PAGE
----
How Can I Prevent Copper From Turning My Skin Green?

If you don’t want to have your jewelry coated or plated, there are some steps that you can take to minimize the effect that it has on your skin. 

Know When To Wear Copper

Sweat tends to increase oxidation, so you should avoid wearing copper jewelry on hot days or during strenuous activities. Copper is an excellent choice for winter weather as long as you’re not bundling up in gloves that make your hands sweaty. Never swim wearing copper jewelry. The chlorine in pool water reacts significantly with copper. The salt in seawater can also speed up the oxidation process.

Take off your copper jewelry any time you’re using cleaning products. Many cleaning supplies contain chlorine and other chemicals that react with copper. While you can always wear gloves to protect your jewelry from the cleaning agents, this will probably make your hands sweat, which creates a problem of its own.

Keep Your Jewelry Clean

Regularly remove your copper jewelry and clean it. Not only will this remove some of the discoloration from oxidation, but it will also remove soap particles, lotions, dirt, sweat, and other contaminants that can cling to copper and speed up its oxidation. You can clean jewelry made of copper or alloys that contain copper with household products that you’re likely to have on hand, such as:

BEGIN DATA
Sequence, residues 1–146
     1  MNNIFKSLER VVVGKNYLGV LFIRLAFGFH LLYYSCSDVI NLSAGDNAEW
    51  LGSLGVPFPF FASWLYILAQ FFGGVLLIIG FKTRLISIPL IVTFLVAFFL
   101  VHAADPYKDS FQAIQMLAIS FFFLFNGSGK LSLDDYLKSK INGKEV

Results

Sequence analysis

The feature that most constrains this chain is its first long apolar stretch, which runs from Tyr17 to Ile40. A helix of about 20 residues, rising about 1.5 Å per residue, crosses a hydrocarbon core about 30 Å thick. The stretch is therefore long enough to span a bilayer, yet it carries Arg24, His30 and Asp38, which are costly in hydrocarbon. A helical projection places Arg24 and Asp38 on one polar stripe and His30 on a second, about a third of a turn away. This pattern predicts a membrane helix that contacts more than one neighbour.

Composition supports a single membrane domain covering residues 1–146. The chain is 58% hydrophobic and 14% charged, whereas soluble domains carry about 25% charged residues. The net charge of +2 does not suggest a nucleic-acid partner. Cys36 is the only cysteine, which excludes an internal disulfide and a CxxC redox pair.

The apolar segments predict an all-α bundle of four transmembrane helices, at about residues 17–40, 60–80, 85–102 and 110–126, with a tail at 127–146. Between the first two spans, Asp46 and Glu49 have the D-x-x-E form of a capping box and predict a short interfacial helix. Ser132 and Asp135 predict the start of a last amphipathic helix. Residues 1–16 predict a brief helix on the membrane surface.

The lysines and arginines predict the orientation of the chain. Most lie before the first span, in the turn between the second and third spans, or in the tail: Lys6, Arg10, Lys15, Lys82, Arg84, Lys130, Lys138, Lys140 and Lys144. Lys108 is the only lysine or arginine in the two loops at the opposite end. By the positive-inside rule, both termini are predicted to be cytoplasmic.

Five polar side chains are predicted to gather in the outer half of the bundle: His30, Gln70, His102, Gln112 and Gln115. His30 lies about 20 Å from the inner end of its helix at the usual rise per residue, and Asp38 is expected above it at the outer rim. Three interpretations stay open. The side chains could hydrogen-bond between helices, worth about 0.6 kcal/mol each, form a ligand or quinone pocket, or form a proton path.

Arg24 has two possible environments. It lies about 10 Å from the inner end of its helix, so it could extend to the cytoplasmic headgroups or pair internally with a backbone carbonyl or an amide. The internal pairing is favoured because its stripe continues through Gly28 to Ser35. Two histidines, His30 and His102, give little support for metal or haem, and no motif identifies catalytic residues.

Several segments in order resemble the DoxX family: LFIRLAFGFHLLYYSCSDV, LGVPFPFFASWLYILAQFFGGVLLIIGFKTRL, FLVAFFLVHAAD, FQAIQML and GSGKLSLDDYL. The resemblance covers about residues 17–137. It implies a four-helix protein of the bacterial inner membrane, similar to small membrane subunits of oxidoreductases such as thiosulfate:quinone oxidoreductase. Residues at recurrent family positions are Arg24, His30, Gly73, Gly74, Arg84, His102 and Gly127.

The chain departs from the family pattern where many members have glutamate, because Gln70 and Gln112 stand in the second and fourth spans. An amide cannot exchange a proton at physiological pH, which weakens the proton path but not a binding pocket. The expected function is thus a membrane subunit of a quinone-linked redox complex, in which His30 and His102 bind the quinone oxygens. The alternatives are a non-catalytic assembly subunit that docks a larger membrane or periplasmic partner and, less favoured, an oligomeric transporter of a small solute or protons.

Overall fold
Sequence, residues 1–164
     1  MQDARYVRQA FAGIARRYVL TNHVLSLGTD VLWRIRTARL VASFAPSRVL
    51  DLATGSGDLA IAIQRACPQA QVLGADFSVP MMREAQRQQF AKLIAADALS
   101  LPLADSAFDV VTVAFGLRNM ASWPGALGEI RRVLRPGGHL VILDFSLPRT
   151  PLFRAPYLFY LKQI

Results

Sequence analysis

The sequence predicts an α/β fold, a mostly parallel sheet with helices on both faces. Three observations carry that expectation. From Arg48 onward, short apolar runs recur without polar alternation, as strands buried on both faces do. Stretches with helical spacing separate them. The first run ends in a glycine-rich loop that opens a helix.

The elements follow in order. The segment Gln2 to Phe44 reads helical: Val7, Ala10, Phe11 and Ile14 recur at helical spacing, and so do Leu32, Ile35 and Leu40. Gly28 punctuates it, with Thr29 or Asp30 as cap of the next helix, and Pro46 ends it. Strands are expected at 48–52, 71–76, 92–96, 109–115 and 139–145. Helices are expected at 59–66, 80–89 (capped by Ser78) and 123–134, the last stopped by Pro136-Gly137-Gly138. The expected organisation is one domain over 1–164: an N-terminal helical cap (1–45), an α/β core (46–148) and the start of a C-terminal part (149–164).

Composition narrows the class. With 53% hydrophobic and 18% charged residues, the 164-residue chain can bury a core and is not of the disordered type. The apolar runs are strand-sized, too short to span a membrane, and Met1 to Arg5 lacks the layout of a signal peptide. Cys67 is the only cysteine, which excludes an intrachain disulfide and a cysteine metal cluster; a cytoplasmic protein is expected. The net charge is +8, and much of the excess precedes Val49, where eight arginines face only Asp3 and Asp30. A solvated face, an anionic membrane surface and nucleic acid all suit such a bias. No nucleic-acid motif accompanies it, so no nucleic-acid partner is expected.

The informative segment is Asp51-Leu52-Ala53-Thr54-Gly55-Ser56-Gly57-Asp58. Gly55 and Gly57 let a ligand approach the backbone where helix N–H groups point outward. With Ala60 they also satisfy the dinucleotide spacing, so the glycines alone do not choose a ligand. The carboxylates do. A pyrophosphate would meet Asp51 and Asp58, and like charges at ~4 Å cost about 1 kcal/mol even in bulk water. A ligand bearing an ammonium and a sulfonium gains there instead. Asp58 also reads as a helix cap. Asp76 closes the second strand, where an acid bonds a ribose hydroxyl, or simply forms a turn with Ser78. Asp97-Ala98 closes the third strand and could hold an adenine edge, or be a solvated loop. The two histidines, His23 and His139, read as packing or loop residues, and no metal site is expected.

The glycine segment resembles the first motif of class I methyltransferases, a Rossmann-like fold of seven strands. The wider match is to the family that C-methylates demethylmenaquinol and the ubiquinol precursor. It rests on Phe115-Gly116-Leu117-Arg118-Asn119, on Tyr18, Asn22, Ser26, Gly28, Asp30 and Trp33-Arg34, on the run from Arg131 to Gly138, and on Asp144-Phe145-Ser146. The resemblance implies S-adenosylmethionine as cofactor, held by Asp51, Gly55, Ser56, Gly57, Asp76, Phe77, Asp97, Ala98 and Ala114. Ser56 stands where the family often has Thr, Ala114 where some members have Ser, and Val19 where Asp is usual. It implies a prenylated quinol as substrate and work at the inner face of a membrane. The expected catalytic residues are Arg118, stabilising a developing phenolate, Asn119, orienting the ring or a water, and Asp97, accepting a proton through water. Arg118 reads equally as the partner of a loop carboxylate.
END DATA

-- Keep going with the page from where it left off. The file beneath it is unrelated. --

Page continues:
• Salt and lemon juice diluted in water.
  • A paste of baking soda and water.
  • A paste of baking soda and lemon juice.
  • Vinegar and salt.

Gently scrub the piece with a soft toothbrush or cloth. Rinse the item immediately after cleaning it. Dry and polish the jewelry thoroughly with a microfiber cloth. 

If your jewelry has rhodium plating or another type of protective coating, you should only clean it lightly with a microfiber cloth because you don’t want to damage the coating. You can also take your items to a professional jeweler for a more thorough cleaning.

What Are the Benefits of Copper Jewelry?

Copper’s color-changing effect has given it a bad reputation as a jewelry material. However, there are many purported benefits of wearing copper. Raw copper is believed to have healing properties, as some of the copper is absorbed into the skin. This may help reduce arthritis pain and improve circulation. Metaphysically, copper is known as a grounding metal that improves energy flow.

Find Precious Pieces You’ll Love

Now that you understand copper better, you can shop confidently for beautiful jewelry pieces. Americash Jewelry & Coin Buyer has an ever-changing collection for you to explore. Come visit us today and see what’s in stock. You can also sell us your unwanted jewelry. We offer quick appraisals and cash payments on the spot. 

brown wooden bird house ornament by Mykola/Kolya Korzh is licensed with Unsplash License